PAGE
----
Think Hawaii and a lush tourist paradise of exotic papaya and Banyan, bougainvillea blossoms and sweet smelling jasmine comes to mind. The only thing wrong with this picture is that none of these species is native to the Island state. A volcanic chain in the North Pacific Ocean 2,000 nautical miles southwest of California, Hawaii has more biodiversity than any other U.S. state. It also leads the nation with 282 federally listed rare and endangered species. Ninety percent are plants, which have either been crowded out by invasive species, lost in the built environment or overgrazed by the island chain's feral pigs and goats.
A volcanic chain in the North Pacific Ocean 2,000 nautical miles southwest of California, Hawaii has more biodiversity than any other U.S. state. It also leads the nation with 282 federally listed rare and endangered species. Ninety percent are plants, which have either been crowded out by invasive species, lost in the built environment or overgrazed by the island chain's feral pigs and goats.Sixty Hawaiian native plants are the centerpiece of "Our Nation's Crown Jewels: Rare and Endangered Species of Hawaii," a new exhibit at the United States Botanic Garden in Washington.
The U.S. Botanic Garden is the closest many visitors will ever get to Hawaii. But they will see what few tourists in Hawaii ever see: native Hawaiian plants.
Patricia Rouen and Michelle Clark, volunteers with the Kauai Native Plants Society and organizers of the U.S. Botanic Garden exhibit say the native trees, shrubs, plants and flowers represented here emerged by accident over thousands of years in the forest, grassland and desert landscapes of Hawaii.
"And they got there on their own either by birds coming and dropping seeds or they washed up on the shore. And, they were allowed to evolve without any outside influences other than that particular climate," said Ms. Rouen.
"Another thing that makes them very special is the fact the plants made it there under extraordinary circumstances," added Ms. Clark. "The closest landmass is about 2,000 miles [3200 kilometers] away, and to see what they have evolved into is just extraordinary!"
"Some of them look positively primeval, they just look different," Ms. Rouen said. "And, they are very charismatic plants, for those of us who love plants. You become enamored of them after a while!"
And, just what is a charismatic plant?
Michelle Clark heads straight for the Haleakala Silver Sword as if it were her best friend.
"It is a threatened plant," she said. "There are about 50,000 of them left and you can see from its silvery leaves, it grows into a very large plant with a huge rosette that spouts off the top. It is special because it is a fine example of adaptive radiation, which is the process by which a single species comes and evolves into many different species."
"[It is interesting to] see the moonscape where these plants grow," Ms. Rouen said. "It is high up, beyond the tree level. And so you have to imagine a dark lava ground surrounding it, and then you have these iridescent silver spears.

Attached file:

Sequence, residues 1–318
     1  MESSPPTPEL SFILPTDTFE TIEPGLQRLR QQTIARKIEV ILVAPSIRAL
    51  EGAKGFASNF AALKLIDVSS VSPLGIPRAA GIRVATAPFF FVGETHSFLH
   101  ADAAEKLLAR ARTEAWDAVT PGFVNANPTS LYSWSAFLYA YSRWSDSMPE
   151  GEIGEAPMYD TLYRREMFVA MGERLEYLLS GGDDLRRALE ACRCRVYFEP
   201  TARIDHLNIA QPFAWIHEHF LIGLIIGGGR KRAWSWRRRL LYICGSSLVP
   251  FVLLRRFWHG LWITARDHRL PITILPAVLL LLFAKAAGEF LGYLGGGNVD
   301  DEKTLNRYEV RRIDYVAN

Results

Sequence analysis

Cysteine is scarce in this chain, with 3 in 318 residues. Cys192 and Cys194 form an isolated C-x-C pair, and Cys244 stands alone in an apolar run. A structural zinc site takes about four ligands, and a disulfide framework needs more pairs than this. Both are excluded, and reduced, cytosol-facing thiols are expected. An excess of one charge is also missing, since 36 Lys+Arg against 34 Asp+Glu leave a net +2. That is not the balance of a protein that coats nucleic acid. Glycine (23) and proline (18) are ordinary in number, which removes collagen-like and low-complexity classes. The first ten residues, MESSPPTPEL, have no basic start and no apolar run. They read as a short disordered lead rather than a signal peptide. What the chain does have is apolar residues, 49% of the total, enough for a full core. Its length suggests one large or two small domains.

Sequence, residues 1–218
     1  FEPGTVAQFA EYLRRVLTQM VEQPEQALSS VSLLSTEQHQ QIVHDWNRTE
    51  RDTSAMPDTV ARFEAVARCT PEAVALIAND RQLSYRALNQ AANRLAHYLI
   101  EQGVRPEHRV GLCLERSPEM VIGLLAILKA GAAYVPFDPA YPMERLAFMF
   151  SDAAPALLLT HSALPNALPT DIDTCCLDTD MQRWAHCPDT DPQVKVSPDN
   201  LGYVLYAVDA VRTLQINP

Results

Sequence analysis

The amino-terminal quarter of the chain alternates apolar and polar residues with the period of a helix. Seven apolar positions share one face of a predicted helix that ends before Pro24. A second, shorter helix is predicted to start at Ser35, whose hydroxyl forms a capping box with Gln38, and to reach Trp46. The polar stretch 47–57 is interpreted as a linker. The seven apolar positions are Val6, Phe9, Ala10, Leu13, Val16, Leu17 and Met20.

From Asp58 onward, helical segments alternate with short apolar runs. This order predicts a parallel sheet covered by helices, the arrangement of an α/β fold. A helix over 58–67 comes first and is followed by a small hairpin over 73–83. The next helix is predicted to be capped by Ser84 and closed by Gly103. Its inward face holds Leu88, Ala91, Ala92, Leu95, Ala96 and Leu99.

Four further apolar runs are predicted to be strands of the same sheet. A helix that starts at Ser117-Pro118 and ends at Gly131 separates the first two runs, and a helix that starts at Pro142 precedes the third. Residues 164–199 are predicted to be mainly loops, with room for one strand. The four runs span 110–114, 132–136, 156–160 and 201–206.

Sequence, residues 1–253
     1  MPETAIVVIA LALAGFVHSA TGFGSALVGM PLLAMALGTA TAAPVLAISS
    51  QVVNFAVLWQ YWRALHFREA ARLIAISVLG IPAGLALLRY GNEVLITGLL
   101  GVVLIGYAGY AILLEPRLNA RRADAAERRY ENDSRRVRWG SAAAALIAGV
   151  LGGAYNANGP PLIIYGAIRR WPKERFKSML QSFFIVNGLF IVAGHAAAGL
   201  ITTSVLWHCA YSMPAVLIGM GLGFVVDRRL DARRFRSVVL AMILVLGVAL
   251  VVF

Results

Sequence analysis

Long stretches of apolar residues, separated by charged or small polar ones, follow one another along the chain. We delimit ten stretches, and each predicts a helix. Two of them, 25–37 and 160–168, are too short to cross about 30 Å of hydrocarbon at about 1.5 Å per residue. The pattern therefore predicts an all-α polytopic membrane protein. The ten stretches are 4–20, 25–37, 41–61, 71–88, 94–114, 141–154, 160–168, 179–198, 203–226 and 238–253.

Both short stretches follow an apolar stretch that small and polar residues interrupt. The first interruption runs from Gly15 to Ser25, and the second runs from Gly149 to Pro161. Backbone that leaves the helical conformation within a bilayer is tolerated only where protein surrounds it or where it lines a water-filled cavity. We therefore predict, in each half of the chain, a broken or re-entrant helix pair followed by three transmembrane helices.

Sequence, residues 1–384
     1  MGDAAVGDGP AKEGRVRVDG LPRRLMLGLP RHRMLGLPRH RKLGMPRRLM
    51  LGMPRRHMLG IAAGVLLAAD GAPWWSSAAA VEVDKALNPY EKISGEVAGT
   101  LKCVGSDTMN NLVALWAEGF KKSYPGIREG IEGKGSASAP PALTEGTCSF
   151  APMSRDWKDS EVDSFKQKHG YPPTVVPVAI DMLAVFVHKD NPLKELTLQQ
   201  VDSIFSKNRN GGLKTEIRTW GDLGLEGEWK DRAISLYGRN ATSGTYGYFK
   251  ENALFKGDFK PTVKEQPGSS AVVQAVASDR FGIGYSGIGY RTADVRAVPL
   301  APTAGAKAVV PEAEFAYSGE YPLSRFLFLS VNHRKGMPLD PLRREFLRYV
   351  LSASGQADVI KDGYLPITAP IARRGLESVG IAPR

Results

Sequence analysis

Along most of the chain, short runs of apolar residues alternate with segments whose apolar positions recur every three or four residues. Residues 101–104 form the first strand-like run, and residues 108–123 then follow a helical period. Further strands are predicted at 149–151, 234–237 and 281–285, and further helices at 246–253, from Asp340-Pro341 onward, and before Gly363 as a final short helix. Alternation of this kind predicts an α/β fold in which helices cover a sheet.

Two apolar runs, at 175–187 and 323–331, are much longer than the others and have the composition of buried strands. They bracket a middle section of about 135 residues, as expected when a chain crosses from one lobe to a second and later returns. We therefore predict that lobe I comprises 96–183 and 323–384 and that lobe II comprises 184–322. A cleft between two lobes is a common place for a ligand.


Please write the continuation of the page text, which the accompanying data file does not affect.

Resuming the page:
"That is why it called the Silver Sword," she continued. "They do get large. These are small examples. And when the moon is full they glow ... There is another very unusual one down here that looks like a cabbage on a baseball bat."
"You can only find this plant on two of the islands right now," Ms. Clark said.
"They do pollinate them by hand," added Ms. Rouen. "We have an individual who helped us put this program together on Kauai. His name is Ken Wood, and he is know for repelling down cliff sides and dangling hundreds of feet over the ocean to pollinate these plants with a Q-tip."
"And then he returns and collects the seeds taken to facilities like the National Tropical Botanical Garden and they are propagated, and the hope is that we will be able to reintroduce these plants into the wild," explained Ms. Clark.
There is a photograph of the brighmamia insignis known in Hawaii as a HaHa or Olula. Its larger-than-life portrait is part of a companion photo exhibit that features the work of Susan Middleton and David Littschwager.
"You can see how this plant might live," said Mr. Littschwager. "It has a really strong trunk. It grows on the cliffs of Molokai, which are 3,000 feet [914 meters] tall. They are the tallest sea cliffs in the world. This has to be a really strong plant. And, also its pollinator had to be a really strong flyer because of the wind in that place and these flowers are six to eight inches long."
The photograph tells a story about what is happening to the native species in Hawaii.
"I think the story that it tells is that these native plants and animals that live in Hawaii, that evolved there, are under siege because the ecosystem of which they are a part, their habitat has been disintegrated," said Susan Middleton. "What we are trying to do with our photographs and what the exhibit is intended to do is to provide a way people can have direct contact with these native plants. [And] hopefully we can come together as a human community to conserve and preserve them as well as enjoy them because they are so beautiful."
"One hopes that you can create some sort of connection with somebody who sees the picture, who now knows about this plant, knows this story and wants to know more and wants to participate in the solution," concluded Mr. Littschwager.
The photographers say their pictures of the rare and endangered plants of Hawaii foreshadow the loss of species elsewhere around the globe. And they say the exhibit is a call to action for all nations to protect their unique natural heritage.